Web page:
They did not see anyone leave, although they noticed later that Dorothy’s car was no longer there. They heard no cries for help, screams, or sounds of a scuffle.
At 8:30 p.m., Fred Miller went to bed in the Miller home at 2323 Herman Avenue, as was his custom because he got up early to oversee the operation of three dump trucks.
☛ Tuesday, August 19, 1969 ☚
When Fred Miller was awakened by his alarm at 5:00 a.m., he realized Dorothy did not come home. He called their daughter Patricia Craven, who had not heard from her either.
The two went to the location where Fred knew Dorothy picked up Robert Clark the night before. They found Dorothy’s car in the 900 block of Elm Street; it was parked near both the Maple Leaf Tavern, where Dorothy phoned Robert Clark, and Riepe Pharmacy, where she picked him up.
The keys were in the ignition (something Dorothy never did) and a camera flashcube was on the front seat.
Fred and Patricia went to the Burlington Police and reported Dorothy missing.
Police Inspectors Wendall Patton and Gene Loose checked out the last place Dorothy was known to be — the house at 118 Grand Street — and found her body.
☛ Aftermath ☚
An intense investigation followed, with the Iowa Bureau of Criminal Investigation (BCI) Harolassisting the Burlington Police, whose Chief at the time was Robert Dunham.
House-to-house canvassing was done on Grand, Maple, and Elm streets. More than 200 interviews were conducted, and evidence was sent to the FBI Lab for examination.
The BCI released a composite sketch of the suspect drawn by Harold B. Lee of the Southeast Iowa Mental Health Center.
It was based on descriptions from Fred Miller, Maple Leaf Tavern patrons, and neighbors who saw the suspect enter the murder house with Dorothy.
Early on, the investigators assumed that “Robert Clark” was not the suspect’s real name.
☛ Psychopathic Serial Killer? ☚
The Dorothy Miller homicide was not a random case of murder; it was a well-thought-out crime showing sophistication of planning and execution. Police called it “sadistic.”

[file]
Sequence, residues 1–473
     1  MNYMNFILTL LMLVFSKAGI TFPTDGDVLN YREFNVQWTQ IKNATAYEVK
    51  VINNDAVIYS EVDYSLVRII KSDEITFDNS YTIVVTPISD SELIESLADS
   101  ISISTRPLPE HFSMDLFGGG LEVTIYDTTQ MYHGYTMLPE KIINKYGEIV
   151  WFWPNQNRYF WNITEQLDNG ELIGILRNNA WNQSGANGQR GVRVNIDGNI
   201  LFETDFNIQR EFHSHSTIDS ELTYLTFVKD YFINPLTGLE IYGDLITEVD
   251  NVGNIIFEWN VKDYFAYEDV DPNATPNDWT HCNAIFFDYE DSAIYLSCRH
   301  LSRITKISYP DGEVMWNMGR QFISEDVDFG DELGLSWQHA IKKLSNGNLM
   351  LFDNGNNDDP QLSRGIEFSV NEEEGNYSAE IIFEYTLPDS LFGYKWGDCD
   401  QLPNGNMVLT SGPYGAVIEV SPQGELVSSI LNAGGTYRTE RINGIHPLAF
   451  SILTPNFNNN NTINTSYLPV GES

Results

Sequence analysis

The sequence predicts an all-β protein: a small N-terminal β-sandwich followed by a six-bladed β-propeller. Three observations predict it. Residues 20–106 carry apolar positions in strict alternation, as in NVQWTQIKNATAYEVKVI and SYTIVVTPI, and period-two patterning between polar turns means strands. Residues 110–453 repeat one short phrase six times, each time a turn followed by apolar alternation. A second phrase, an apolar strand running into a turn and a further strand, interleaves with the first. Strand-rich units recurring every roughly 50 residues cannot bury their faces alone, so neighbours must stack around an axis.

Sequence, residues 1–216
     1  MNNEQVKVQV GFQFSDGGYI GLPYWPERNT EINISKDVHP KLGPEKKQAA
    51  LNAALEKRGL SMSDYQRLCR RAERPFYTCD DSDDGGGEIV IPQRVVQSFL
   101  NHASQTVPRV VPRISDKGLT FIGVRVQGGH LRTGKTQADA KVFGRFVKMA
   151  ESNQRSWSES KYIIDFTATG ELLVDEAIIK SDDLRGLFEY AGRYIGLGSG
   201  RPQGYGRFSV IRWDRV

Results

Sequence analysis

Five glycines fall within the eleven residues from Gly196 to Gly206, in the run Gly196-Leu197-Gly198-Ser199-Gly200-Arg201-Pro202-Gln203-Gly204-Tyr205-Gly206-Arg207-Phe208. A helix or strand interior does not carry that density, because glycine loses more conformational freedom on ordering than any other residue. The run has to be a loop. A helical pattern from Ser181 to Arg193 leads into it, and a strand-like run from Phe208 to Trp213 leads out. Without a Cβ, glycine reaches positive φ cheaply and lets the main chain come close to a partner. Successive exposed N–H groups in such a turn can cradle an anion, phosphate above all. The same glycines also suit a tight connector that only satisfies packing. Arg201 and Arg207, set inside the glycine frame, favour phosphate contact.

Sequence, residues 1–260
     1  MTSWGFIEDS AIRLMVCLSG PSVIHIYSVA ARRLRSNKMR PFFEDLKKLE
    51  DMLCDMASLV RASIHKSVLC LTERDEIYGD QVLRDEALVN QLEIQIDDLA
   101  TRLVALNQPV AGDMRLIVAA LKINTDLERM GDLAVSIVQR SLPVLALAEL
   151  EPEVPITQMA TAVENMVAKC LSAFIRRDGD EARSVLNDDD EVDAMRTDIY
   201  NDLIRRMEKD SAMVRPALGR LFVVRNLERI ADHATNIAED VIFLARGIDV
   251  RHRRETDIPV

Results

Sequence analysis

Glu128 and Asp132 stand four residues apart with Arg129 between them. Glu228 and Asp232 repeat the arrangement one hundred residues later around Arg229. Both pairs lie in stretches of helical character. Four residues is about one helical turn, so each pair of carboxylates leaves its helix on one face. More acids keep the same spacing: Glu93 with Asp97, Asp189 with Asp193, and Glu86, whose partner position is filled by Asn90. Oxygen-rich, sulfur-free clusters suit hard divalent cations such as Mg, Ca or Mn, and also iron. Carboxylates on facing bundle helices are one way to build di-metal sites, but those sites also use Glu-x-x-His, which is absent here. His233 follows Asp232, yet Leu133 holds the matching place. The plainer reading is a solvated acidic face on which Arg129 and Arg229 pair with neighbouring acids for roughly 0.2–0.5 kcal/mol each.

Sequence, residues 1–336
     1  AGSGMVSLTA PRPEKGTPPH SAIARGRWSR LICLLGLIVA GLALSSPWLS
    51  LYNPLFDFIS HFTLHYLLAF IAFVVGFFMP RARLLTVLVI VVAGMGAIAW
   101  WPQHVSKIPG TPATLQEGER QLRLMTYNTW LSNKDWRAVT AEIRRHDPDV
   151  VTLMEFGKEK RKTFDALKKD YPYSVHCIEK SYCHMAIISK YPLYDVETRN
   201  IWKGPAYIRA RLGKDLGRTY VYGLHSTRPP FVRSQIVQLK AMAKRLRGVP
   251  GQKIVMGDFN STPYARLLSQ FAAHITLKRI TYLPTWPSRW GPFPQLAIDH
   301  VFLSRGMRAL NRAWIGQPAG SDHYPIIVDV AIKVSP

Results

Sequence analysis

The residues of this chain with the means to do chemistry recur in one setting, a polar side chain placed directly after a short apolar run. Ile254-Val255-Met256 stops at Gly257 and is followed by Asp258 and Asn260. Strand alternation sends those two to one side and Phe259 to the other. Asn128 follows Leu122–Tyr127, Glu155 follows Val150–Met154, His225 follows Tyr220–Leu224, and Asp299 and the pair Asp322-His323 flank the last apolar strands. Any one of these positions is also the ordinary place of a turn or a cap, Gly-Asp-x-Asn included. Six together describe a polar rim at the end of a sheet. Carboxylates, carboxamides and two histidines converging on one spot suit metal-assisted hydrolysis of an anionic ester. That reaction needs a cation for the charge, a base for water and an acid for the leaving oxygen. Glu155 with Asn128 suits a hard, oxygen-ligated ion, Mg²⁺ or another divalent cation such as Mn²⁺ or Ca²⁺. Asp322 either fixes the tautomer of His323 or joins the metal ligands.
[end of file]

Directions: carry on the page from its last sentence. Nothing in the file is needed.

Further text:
The suspect located Dorothy through ads or the phone book, knowing as a realtor she was often alone in vacant properties with potential buyers.
He may have planned to kill her on Friday night, but Dorothy was wary and brought her husband along.
Although the killer could not carry through with his plan then, he was able to create a narrative and a persona that would make him appear to be a genuine prospective buyer, a family man, and a nice person.
That allowed him to gain Dorothy’s trust to meet him alone on the night of the murder. Getting a tour of the house also helped him plan where he would attack and kill her and hide her body.
He may have unlocked the back door at that time, giving himself an opportunity over the weekend to return to the house and leave behind the brick and nylon rope he planned to use.
The night of the murder, he walked away from his own vehicle, got into Dorothy’s, rode to the property with her, killed her, likely left by the back door, drove her car and then abandoned it near where his vehicle was, and disappeared.
“Clark” seemed to relish the narrative of the crime, taking great pains to create a “story” he could live out. He concealed his identify by using a false name and claiming to be from Des Moines.
He could not risk revealing where he was staying, so he provided Dorothy the number of the Maple Leaf Tavern where she could call him. Neither she nor her husband saw his vehicle.
It’s likely that what tavern patrons saw him retrieve from his vehicle was a camera, which he needed to keep Dorothy from becoming suspicious because he told her he wanted to take photos of the house.